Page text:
Time was when British bottoms were built to withstand the crinkliest, shiniest toilet paper available, and in some cases even to enjoy it. But there has been a fundamental softening in recent years, seen in a growing preference not only for quilted loo roll, but now for wet wipes. 

The musician Will.i.Am is one leading exponent of damp bottom-wiping. The consequences for our drains, though, are disastrous.

If you swill a piece of toilet roll around in some water, it takes seconds for it to disintegrate.  Wet wipes should never be put down drains, because they don't break down – even if the packaging says they are 'biodegradable' or 'flushable'. Only human waste and loo roll should go down our sewers."
Ignoring this advice causes blockages, especially in suburban areas where the pipes are narrowest – anything from 6in to 12in in diameter. 

And blockages cause unspeakable things. It can result in sewage backing up on to streets, into gardens, into parks and in some cases – around 1,000 a year – sewage backs up into people's homes which is one of the most vile things that can ever happen to you.

And whilst we're on this subject - are disposable nappies good or bad?

According to the site below, each paper wearing disposable nappies creates about a ton of waste over the course of two years.  And it takes hundreds of years for disposable nappies to decompose when exposed to sunlight and air.  But disposable nappies are dumped into landfill and not exposed to sun and air, so nobody knows how many hundreds - or thousands - of years they could be around!
Even so-called 'eco-friendly' nappies labelled biodegradable do not biodegrade in landfills and cause just as much of a problem as regular nappies.
They are also a breeding ground for disease which could potentially enter our water courses.  Apparently it's recommended that the poo is flushed off nappies before they're put into the waste so that the poo can be treated.  But the wee should also be disposed of before the nappy is thrown away but I should imagine that's nearly impossible.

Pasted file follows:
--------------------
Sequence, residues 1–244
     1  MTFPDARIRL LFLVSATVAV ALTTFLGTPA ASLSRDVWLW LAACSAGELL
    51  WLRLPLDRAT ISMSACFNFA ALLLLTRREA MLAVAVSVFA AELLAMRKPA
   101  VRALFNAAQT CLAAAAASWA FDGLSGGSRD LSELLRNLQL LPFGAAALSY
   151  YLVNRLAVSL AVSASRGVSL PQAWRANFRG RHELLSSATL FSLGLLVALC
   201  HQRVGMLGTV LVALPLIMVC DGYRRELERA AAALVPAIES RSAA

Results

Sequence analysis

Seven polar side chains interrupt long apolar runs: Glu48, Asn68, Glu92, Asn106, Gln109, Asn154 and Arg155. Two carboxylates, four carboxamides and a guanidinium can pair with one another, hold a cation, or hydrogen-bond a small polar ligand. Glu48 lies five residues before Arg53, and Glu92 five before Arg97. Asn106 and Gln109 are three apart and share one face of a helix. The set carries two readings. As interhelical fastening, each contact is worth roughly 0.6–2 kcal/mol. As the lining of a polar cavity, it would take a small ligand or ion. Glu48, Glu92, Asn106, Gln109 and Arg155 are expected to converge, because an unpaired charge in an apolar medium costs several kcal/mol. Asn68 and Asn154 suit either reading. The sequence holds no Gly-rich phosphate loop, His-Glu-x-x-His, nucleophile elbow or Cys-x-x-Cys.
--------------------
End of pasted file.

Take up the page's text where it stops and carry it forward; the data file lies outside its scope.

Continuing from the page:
And there's lots more interesting information of this site: http://www.smallfootprintfamily.com/dangers-of-disposable-diapers

I used terry nappies as disposables around in those days were unreliable and expensive, so there was no decision to make.  They weren't much bother to soak, wash and dry.  

1 comment:

  1. Thank you for highlighting the problems of wet wipes and (my pet loathing) disposable nappies.
    I have never understood why anyone would think the disposable nappy was better than the terry option. Every collection day I see the wagon emptying the non-recyclable waste (fortnightly) and wonder just what percentage of the load amounts to these things.
    Even ignoring the appalling volume of waste these things produce, I can never understand why anyone would waste their money. Two packs of terry nappies out-lasted the requirements of both my young 'uns. The question of washing is hardly an argument these days as the machine washes and dries them - and there is no ironing. And what about the infant's comfort? I know of no mother or father who chooses to wear plastic underwear which they dispose of at the end of the day as it is more convenient and I'm sure they never will, considering the consequences.
    I would like to see an adequate supply of terry nappies GIVEN to the parents of each newborn and heavy taxes imposed on so-called 'disposables', at least that would go some way to paying for dealing with them.